Part of Caputo's concern as a writer is "how history touches ordinary lives." That aspect is embodied in Quinnette Hardin, a young woman from rural Iowa who almost accidentally becomes part of a missionary program that raises money to buy slaves from their captors in Sudan.

"I think that presenting ordinary people in these extraordinary circumstances as just a better way to convey what I'm trying to say," Caputo says, "than if everyone were a heroic, bold or larger-than-life character. After all, when you think about it, all of those aid workers I met over there, and even some of the pilots, came from ordinary backgrounds in Europe and America and then found themselves in these extraordinary circumstances and were sometimes called upon to do extraordinary things."

In Acts of Faith, various interests come together to provide aid to ethnic Nubans who live in a mountainous section of Sudan besieged by Arab Muslims forces. A former Kenyan soccer star, Fitzhugh Martin, is employed with Knight Air, the brainchild of a mercurial American pilot, Douglas Braithwaite. They enlist another American, the aptly named Wesley Dare, to fly aid to the Nubans, but soon are tempted by another lucrative prospect: Flying illegal arms shipments to the soldiers of the Sudanese People's Liberation Army.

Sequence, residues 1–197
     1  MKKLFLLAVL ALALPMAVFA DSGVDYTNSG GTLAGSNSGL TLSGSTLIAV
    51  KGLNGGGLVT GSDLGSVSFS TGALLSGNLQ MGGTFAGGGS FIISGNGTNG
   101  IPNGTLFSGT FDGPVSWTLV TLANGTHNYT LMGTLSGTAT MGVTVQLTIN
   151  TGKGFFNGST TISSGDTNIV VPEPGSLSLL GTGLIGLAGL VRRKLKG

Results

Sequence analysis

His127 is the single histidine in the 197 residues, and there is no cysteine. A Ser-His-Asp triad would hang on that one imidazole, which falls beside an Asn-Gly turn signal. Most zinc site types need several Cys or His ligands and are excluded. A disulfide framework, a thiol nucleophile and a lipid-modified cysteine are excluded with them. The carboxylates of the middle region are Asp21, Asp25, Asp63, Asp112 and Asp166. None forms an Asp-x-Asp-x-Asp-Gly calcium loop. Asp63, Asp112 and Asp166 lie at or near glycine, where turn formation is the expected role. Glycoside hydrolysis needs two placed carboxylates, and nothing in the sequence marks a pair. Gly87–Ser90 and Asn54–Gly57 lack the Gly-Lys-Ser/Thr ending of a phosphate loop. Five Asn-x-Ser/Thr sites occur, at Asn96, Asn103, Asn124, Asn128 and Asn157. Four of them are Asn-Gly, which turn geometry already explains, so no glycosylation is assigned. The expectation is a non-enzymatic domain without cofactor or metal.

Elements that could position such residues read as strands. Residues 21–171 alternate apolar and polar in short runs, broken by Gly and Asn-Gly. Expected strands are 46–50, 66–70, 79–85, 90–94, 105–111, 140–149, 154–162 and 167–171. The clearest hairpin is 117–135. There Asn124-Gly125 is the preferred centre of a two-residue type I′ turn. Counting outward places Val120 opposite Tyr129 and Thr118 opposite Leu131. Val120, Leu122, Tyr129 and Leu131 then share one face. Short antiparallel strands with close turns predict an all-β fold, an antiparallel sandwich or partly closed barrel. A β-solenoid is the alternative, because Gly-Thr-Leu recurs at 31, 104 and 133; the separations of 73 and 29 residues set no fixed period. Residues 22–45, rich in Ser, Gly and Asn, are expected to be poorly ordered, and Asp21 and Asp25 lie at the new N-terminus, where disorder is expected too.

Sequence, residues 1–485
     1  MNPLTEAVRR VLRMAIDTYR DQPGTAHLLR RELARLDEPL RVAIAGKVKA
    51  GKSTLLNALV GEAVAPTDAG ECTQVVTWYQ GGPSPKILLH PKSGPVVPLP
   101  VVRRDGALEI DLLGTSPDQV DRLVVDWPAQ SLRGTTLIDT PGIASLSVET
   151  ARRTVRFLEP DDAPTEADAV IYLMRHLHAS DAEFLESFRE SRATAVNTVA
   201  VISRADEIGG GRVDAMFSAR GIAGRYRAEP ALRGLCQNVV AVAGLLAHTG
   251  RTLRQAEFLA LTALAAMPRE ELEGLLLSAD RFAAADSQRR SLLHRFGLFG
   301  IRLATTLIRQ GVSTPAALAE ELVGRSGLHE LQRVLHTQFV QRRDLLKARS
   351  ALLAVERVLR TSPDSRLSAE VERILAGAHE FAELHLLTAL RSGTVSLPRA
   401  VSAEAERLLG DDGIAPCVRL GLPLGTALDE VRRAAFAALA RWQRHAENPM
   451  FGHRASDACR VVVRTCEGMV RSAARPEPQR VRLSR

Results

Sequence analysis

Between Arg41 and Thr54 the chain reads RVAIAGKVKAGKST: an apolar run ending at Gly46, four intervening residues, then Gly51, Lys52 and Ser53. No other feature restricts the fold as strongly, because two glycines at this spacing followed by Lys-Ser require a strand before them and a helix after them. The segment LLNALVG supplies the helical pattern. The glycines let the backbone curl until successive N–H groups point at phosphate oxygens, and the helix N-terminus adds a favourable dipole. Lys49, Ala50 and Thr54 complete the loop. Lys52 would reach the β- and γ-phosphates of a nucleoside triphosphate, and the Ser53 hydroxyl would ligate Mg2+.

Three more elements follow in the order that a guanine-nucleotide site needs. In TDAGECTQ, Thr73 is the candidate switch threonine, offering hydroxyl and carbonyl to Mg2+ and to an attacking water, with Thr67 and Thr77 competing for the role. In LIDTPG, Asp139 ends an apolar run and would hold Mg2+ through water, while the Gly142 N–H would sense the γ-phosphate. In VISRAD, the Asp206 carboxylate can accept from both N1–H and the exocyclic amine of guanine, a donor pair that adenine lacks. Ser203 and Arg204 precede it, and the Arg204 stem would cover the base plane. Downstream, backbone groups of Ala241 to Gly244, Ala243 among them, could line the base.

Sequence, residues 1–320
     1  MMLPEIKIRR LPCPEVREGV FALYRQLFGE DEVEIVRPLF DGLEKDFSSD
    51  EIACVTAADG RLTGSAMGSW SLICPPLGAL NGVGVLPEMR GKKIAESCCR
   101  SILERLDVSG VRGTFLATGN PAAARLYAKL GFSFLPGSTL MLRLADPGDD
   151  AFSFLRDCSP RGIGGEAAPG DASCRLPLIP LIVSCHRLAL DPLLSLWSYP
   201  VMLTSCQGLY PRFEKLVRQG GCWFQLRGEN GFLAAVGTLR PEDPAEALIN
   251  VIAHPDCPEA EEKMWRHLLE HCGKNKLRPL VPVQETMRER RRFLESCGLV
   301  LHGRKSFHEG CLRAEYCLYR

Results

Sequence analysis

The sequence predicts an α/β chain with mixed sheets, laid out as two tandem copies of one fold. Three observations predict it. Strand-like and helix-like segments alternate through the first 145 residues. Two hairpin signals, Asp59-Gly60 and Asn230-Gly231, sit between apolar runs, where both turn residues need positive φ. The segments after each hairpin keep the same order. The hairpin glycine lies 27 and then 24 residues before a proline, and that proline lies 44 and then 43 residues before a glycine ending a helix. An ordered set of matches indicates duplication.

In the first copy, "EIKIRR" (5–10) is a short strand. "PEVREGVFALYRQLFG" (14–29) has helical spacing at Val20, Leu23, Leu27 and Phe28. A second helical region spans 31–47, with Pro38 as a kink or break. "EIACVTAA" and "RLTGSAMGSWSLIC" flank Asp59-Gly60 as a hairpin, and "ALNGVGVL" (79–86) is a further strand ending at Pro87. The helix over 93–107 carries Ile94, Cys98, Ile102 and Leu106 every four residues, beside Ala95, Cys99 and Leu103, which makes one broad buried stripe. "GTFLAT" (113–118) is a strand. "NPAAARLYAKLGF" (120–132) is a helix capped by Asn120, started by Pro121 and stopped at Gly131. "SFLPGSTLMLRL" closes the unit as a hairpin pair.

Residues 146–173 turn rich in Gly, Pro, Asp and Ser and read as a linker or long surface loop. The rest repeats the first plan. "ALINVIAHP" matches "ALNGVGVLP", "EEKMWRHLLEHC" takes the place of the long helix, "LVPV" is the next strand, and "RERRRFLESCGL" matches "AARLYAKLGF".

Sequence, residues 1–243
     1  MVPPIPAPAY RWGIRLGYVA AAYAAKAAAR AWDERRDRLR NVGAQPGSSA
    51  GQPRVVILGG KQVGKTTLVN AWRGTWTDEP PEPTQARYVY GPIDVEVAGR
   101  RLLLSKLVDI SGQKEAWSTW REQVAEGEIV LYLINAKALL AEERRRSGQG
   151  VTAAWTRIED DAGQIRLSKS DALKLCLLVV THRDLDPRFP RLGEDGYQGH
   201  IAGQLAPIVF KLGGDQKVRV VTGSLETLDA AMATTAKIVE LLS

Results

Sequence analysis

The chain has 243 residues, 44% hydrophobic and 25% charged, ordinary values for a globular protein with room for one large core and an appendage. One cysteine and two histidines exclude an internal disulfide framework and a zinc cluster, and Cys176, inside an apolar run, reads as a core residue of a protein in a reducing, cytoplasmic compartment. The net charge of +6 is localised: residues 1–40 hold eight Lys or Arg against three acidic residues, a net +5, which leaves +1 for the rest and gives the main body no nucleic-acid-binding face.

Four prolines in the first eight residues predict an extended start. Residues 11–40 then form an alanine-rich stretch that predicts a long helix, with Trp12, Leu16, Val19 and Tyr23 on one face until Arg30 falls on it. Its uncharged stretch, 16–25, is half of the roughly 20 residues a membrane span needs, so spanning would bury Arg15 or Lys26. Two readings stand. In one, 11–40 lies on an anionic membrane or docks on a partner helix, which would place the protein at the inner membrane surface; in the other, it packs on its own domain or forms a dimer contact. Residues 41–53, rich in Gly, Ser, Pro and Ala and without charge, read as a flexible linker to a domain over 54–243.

Caputo encountered pilots who were running guns to Sudan, hiding the shipments by filling out false flight plans. One Kenyan involved rationalized the shipments by saying he hoped that if enough arms were shipped to the Liberation Army, they could prevail against the Sudanese government -- even as the arms sometimes would fall into the hands of bandits or be used to fight tribal conflicts.

Others didn't bother to rationalize.

"They did it for any number of reasons," Caputo says. "Partly, it was for the money, although quite often they weren't getting paid by the people they were running guns for. One female pilot who was not involved said she thought they were just like small boys. They loved the danger and they loved getting away with something. They were doing it for the thrill of it."

Throughout Acts of Faith, Caputo highlights the differences between cultures. There are popular theories about globalization and how communications and the Internet bring disparate societies together, but the author thinks the McDonald's-ization of the world is not quite complete.

"I think that globalization creates a superficial homogenization," Caputo says. "It's been my observation that sometimes the differences among the human races, the ethnicities and religions, is getting wider than narrower."